What DOES IT MEAN TO AUTHENTICATE A DOCUMENT?
The action of authenticating a document actually refers to the action of authenticating the signature on the document and does not relate to the contents of the document .
Authentication of a signature on a document is required where a document is signed in one country and is to be used in another country.
In this regard, there are two distinct procedures applicable to:
- The authentication of documents executed within South Africa for use abroad; and
- The authentication of documents executed abroad for use within South Africa.
AUTHENTICATION OF DOCUMENTS EXECUTED WITHIN SOUTH AFRICA FOR USE ABROAD
The rules applicable to the authentication of documents executed within South Africa for use abroad are as follows:
- The person who signs or signed the document must sign the document or must acknowledge his/her signature in the presence of a notary. The notary will then authenticate the signature by way of an authentication certificate and by affixing his/her seal of office to the document. By authenticating a document, such as a Power of Attorney, in this manner, the document becomes a public document;
- The notary’s signature must then be authenticated by a Magistrate or a Registrar of the High Court;
- The signature of the Magistrate or Registrar of the High Court must in turn be authenticated by the director-general of the Department of Justice, whose signature must in turn be authenticated by the director-general of the Department of Foreign Affairs; and
- Although not a formal requirement, may countries require that their local Embassy must approve and confirm the document as having been signed in South Africa.
AUTHENTICATION OF DOCUMENTS EXECUTED ABROAD FOR USE WITHIN SOUTH AFRICA
Rule 63(2) of the High Court Rules, issued under the High Court Act 59 of 1959, prescribes when a document, executed abroad for use within South Africa, will be deemed sufficiently authenticated.
The above rule stipulates that such a document will be deemed sufficiently authenticated if it bears the signature and seal of office:
- Of the head of a South African diplomatic or consular mission, or a person in the administrative or professional division of the public service serving at a South African diplomatic, consular or trade post abroad; or
- Of a consular-general, consul, vice-counsel or consul agent of the United Kingdom or any other person acting in any of the aforementioned capacities or a pro-consul of the United Kingdom; or
- Of any government authority of such foreign country charged with the authentication of documents under the law of that foreign country; or
- Of any person in such foreign place who shall be shown by a certificate of any person mentioned in 1, 2 & 3 above, or of any diplomatic or consular officer of such foreign country in SA, to be duly authorised to authenticate such document under the law of the foreign country; or
- Of a notary public in the United Kingdom of Great Britain and Northern Ireland or Zimbabwe, Lesotho, Botswana or Swaziland.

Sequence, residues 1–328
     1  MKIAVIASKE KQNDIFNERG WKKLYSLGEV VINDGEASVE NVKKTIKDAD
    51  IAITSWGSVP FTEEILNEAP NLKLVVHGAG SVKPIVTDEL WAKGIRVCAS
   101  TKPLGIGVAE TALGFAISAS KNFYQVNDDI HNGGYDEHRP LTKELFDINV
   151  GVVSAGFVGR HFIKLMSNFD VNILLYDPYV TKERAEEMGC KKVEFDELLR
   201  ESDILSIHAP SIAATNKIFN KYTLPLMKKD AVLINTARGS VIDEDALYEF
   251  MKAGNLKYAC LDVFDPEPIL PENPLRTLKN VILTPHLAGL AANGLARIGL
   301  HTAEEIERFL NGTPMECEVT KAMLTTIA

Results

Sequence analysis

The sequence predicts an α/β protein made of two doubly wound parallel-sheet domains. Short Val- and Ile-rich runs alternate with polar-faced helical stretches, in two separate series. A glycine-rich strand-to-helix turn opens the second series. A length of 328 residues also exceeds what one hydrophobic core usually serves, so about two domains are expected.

In this issue:
- What does it mean to authenticate a document?;
- Authentication of documents executed within South Africa for use abroad;
- Authentication of documents executed abroad for use within South Africa; and
- What is an Apostille?
2.4 Is the Labour Relations Act 66 of 1995 (hereinafter “LRA”) applicable to “casual worker”?
WHAT IS AN APOSTILLE?
On 5 October 1961 a number of countries entered into convention for the abolition of the requirement of diplomatic or consular legislation for foreign documents. South Africa became a member of this convention on 30 April 1995. In terms of the said convention, documents executed in one country for the use in another country can by authenticated by means of an Apostille.
The convention provide that the formality required in order to certify the authenticity of a signature, is the addition of an Apostille (an Apostille is a certificate, certifying the authenticity of a signature), issued by a competent authority of the state from which the document emanates.
South Africa designated the following authorities competent to issue an Apostille:
- Magistrate or additional Magistrate;
- Registrar or assistant registrar of the High Court;
- Any person designated by the Director-General of the Justice Department; or
- Any person designated by the Director-General of Department of Foreign Affairs.
An Apostille can only be used if both the country where the document was signed and the country where the document is to be used are members of the convention and only if the document is a public document.
A public document is defined as:
- Documents originating from a government or official associated with the courts or tribunal of the state;
- Administrative documents;
- Notarial deeds; and
- Documents duly authenticated by a notary by way of an authentication certificate.
As such, the convention can find application where the document is signed in South Africa for use in a foreign country and where the document is signed in a foreign country for use in South Africa, but only if the requirements are met being that both countries must be members of the convention and the document must be a public document.